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Friday, June 21st, 2024

DHS, Mexico lay out new migration enforcement paths for Venezuelan immigrants

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Effective immediately, Venezuelans who enter U.S. ports of entry without authorization will be deported to Mexico, according to new enforcement rules laid out by the U.S. Department of Homeland Security this week.

The announcement came alongside declarations of new agreements between DHS and its Mexican counterparts, all meant to reduce the number of people arriving at the Southwest U.S. border. Venezuelans were called out in particular due to what the DHS noted as four times as many Venezuelans as last year attempting to illegally cross the southern border in 2022 so far. Many are fleeing a growing humanitarian and economic crisis back home.

In a carrot and stick scenario, that could be considered the legal equivalent of the stick. For the carrot, DHS also declared a new system for safe and approved immigration.

“These actions make clear that there is a lawful and orderly way for Venezuelans to enter the United States, and lawful entry is the only way,” Secretary of Homeland Security Alejandro Mayorkas said. “Those who attempt to cross the southern border of the United States illegally will be returned to Mexico and will be ineligible for this process in the future. Those who follow the lawful process will have the opportunity to travel safely to the United States and become eligible to work here.”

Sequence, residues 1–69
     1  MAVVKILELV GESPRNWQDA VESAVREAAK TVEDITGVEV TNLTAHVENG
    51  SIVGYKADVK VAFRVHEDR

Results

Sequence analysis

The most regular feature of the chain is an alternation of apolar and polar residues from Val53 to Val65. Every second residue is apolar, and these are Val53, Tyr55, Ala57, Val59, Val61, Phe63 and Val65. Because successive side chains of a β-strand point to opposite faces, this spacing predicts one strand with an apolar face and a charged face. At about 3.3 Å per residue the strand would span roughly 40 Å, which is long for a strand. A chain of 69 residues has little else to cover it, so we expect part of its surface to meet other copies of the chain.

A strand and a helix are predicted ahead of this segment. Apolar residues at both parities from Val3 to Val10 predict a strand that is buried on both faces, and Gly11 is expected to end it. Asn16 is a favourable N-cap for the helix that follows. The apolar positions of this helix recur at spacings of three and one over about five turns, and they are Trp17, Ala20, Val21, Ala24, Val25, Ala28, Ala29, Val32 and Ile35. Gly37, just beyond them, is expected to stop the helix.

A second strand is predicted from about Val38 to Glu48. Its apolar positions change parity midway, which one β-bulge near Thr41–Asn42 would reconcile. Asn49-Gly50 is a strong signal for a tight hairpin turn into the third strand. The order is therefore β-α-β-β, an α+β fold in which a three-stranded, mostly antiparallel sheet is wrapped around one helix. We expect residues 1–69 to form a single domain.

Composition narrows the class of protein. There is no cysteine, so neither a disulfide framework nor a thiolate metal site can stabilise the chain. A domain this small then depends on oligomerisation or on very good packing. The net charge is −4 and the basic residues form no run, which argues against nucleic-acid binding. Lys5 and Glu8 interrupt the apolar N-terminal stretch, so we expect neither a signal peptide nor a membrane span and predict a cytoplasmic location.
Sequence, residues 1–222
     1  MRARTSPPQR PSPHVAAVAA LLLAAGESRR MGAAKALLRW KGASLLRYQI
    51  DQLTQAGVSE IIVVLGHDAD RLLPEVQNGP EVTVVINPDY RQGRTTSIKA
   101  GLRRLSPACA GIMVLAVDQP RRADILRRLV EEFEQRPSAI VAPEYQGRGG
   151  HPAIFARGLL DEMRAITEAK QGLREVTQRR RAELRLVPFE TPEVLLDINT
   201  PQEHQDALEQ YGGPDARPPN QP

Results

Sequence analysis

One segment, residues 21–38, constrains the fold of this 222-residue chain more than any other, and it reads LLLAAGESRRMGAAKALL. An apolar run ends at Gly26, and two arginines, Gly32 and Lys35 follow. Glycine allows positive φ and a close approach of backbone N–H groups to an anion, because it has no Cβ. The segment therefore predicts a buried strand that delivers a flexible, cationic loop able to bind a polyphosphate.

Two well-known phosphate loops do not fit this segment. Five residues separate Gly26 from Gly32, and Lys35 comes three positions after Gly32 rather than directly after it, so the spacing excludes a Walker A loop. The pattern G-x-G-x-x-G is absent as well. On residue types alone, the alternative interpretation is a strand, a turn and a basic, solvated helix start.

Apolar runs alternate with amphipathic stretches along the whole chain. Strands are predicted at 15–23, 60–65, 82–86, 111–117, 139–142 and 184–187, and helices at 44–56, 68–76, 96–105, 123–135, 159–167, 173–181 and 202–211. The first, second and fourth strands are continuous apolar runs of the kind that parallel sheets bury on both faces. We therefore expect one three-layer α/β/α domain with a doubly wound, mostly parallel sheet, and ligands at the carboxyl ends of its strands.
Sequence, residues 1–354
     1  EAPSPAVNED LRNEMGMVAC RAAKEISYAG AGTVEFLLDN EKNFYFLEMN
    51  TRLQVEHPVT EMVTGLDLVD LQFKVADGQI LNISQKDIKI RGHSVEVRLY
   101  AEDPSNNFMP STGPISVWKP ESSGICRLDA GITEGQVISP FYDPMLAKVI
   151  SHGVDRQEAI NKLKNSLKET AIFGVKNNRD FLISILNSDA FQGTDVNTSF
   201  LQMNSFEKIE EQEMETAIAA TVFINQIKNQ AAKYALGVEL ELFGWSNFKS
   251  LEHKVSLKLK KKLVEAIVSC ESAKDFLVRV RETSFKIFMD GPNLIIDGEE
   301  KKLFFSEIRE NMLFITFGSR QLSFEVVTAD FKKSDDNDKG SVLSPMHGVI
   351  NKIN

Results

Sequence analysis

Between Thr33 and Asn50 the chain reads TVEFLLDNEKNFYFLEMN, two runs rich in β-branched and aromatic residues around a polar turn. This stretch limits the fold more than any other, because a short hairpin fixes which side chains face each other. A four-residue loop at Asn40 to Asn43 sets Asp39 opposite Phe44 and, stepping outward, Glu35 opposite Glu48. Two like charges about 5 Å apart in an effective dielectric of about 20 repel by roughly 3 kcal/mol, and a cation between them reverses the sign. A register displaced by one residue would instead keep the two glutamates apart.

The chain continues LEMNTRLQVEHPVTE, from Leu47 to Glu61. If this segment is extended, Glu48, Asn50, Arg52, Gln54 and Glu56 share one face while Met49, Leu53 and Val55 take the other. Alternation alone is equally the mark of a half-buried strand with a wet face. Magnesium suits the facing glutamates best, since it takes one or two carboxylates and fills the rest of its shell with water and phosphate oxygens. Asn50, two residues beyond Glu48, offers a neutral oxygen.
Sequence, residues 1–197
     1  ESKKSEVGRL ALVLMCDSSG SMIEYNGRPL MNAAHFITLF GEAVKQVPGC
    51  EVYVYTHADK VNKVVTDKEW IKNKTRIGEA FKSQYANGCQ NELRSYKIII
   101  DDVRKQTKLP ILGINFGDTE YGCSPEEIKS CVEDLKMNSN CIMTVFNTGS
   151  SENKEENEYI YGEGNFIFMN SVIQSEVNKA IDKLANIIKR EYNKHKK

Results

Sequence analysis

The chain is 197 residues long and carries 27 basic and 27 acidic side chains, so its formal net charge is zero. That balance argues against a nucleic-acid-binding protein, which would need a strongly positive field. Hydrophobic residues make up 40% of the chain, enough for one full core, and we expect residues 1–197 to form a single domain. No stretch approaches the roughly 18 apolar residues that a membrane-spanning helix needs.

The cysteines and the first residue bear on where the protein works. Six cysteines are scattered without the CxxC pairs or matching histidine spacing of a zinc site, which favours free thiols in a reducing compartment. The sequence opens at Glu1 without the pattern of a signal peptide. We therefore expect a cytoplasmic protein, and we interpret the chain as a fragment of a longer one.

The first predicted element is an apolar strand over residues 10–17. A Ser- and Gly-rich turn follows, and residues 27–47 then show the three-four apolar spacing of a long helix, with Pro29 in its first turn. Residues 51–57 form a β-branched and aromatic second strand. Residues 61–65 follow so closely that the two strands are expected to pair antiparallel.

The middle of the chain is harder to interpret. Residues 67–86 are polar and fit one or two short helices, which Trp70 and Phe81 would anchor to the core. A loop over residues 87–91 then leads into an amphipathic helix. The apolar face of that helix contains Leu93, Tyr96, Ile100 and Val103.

Based on the Uniting for Ukraine (U4U) program that dealt with Ukrainians fleeing Russia’s invasion of Ukraine, the new program makes three demands of Venezuelans seeking entry to the United States:

  • They must have a supporter in-country for financial and other matters
  • They must be vetted by biometric and biographic national security and public safety screening
  • They must be vaccinated

This process will not be made available to anyone ordered removed from the United States in the past five years or have crossed without authorization between ports of entry after the date of this announcement. In an expansion of this, if Venezuelans entered Mexico or Panama without authorization since the announcement or hold permanent resident status, dual national status, or refugee status elsewhere, they will also be denied U.S. entry henceforth.

Despite the urge to flee from troubles, DHS noted that potential Venezuelan immigrants cannot travel to Mexico to pursue entry to the United States and, instead, are expected to remain in place and apply for travel to the U.S. If approved by the lengthy process, they would be granted leave to travel by air directly to an interior port of entry, after which they could apply for work authorization.

Coinciding with these announcements, the United States and Mexico will deploy new migration checkpoints, additional resources, and personnel, increase targeted human smuggling operations, and expand their information sharing.